From pv magazine Germany.
The Minety power plant has a capacity of 100 MW / 100 MWh and is intended to provide services for grid frequency regulation and maximize the use of renewable energies.
The project saw two 50 MW batteries developed by Penso Power and funded by state-owned China Huaneng Group and CNIC Corporation. Initially, the project was a single 50 MW battery completed in 2020, with a second battery added during 2021.
As a result of a short-term drop in network frequency, there was a large-scale power outage in the United Kingdom around two years ago. After that, the authorities gave priority to the construction of large storage facilities in order to prevent this kind of incident from happening again. The use of some of the large storage systems installed at the time, in fact, helped prevent a total failure of the country's electricity system.
Construction of the Minety large storage facility began at the end of 2019, for which Sungrow supplied both nickel-manganese-cobalt (NMC) and lithium-iron-phosphate (LFP) battery solutions with a high level of integration. According to the company, this reduced the space requirement, shortened the commissioning time and reduced system costs by 5%.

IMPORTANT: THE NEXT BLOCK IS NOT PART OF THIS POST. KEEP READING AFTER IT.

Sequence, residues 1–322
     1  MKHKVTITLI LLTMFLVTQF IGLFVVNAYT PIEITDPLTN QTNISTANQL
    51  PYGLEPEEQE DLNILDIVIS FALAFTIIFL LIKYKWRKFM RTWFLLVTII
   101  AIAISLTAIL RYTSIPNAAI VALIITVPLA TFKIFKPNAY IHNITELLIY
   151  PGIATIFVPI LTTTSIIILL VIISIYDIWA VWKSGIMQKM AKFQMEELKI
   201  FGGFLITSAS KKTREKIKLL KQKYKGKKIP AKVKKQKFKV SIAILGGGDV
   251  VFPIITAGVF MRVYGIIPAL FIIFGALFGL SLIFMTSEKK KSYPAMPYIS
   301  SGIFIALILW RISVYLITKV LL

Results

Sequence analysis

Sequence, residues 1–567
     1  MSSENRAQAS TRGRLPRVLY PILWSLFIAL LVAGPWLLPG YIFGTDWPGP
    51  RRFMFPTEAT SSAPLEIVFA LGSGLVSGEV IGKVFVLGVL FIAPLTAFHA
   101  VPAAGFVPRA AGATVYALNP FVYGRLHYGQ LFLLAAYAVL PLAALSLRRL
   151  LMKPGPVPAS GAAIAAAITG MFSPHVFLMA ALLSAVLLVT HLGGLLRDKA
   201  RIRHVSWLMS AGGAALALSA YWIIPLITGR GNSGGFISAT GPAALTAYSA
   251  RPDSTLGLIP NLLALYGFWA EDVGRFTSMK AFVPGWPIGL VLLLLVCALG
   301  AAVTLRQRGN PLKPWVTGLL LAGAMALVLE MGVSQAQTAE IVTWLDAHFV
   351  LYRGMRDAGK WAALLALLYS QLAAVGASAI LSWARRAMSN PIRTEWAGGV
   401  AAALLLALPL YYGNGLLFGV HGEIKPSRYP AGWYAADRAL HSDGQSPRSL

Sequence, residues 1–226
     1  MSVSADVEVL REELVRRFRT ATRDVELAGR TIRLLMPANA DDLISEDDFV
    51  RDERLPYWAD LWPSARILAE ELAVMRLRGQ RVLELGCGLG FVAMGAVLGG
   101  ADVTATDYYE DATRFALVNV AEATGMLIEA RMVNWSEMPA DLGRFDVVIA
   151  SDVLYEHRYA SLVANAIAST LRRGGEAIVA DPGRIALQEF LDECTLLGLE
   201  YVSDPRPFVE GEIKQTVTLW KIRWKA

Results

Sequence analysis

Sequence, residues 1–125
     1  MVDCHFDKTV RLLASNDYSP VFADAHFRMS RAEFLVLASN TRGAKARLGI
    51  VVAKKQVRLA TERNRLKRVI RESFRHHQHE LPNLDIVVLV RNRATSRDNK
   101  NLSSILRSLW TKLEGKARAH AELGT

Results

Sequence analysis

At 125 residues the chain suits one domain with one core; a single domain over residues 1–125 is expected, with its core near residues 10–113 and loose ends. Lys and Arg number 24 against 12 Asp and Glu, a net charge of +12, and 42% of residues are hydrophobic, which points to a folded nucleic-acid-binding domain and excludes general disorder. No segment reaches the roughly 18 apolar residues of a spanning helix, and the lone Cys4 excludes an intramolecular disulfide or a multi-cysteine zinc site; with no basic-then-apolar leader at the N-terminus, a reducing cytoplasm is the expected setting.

The new large storage system fulfills the latest British frequency regulation requirement, dynamic containment. This means that the system has to react to the power instructions of the network within a second. Only about 30% of the large storage facilities in Great Britain are equipped with this function, according to Sungrow.
Shell Energy Europe Limited, the gas and electricity unit of the Anglo-Dutch fossil fuel giant, agreed to buy power from the project under a long-term power purchase agreement (PPA), though terms were not disclosed.
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